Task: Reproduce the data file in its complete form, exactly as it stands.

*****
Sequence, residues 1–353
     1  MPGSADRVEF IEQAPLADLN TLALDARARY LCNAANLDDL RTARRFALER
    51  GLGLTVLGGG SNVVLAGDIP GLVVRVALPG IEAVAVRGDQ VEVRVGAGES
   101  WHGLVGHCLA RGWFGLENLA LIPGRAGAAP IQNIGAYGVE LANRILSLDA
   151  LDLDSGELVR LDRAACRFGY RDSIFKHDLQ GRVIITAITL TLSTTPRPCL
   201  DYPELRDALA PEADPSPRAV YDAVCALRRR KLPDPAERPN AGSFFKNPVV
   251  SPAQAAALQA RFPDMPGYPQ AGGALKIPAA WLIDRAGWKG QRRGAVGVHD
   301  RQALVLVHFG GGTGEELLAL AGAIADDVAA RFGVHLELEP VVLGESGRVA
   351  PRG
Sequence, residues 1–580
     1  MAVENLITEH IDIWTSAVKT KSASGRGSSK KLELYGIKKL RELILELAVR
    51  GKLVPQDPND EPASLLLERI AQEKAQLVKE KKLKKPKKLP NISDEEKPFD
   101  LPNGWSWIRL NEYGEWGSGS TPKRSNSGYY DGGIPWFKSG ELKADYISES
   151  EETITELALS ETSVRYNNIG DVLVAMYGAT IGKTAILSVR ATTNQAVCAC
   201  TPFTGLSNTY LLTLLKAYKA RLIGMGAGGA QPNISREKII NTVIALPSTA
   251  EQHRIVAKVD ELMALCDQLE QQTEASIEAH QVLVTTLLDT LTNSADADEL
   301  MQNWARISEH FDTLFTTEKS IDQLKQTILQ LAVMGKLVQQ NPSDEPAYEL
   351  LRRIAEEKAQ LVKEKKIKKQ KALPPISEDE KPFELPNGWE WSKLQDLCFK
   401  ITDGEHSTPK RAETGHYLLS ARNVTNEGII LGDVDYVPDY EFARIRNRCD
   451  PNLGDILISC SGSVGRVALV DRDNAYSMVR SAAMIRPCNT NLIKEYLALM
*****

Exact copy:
Sequence, residues 1–353
     1  MPGSADRVEF IEQAPLADLN TLALDARARY LCNAANLDDL RTARRFALER
    51  GLGLTVLGGG SNVVLAGDIP GLVVRVALPG IEAVAVRGDQ VEVRVGAGES
   101  WHGLVGHCLA RGWFGLENLA LIPGRAGAAP IQNIGAYGVE LANRILSLDA
   151  LDLDSGELVR LDRAACRFGY RDSIFKHDLQ GRVIITAITL TLSTTPRPCL
   201  DYPELRDALA PEADPSPRAV YDAVCALRRR KLPDPAERPN AGSFFKNPVV
   251  SPAQAAALQA RFPDMPGYPQ AGGALKIPAA WLIDRAGWKG QRRGAVGVHD
   301  RQALVLVHFG GGTGEELLAL AGAIADDVAA RFGVHLELEP VVLGESGRVA
   351  PRG
Sequence, residues 1–580
     1  MAVENLITEH IDIWTSAVKT KSASGRGSSK KLELYGIKKL RELILELAVR
    51  GKLVPQDPND EPASLLLERI AQEKAQLVKE KKLKKPKKLP NISDEEKPFD
   101  LPNGWSWIRL NEYGEWGSGS TPKRSNSGYY DGGIPWFKSG ELKADYISES
   151  EETITELALS ETSVRYNNIG DVLVAMYGAT IGKTAILSVR ATTNQAVCAC
   201  TPFTGLSNTY LLTLLKAYKA RLIGMGAGGA QPNISREKII NTVIALPSTA
   251  EQHRIVAKVD ELMALCDQLE QQTEASIEAH QVLVTTLLDT LTNSADADEL
   301  MQNWARISEH FDTLFTTEKS IDQLKQTILQ LAVMGKLVQQ NPSDEPAYEL
   351  LRRIAEEKAQ LVKEKKIKKQ KALPPISEDE KPFELPNGWE WSKLQDLCFK
   401  ITDGEHSTPK RAETGHYLLS ARNVTNEGII LGDVDYVPDY EFARIRNRCD
   451  PNLGDILISC SGSVGRVALV DRDNAYSMVR SAAMIRPCNT NLIKEYLALM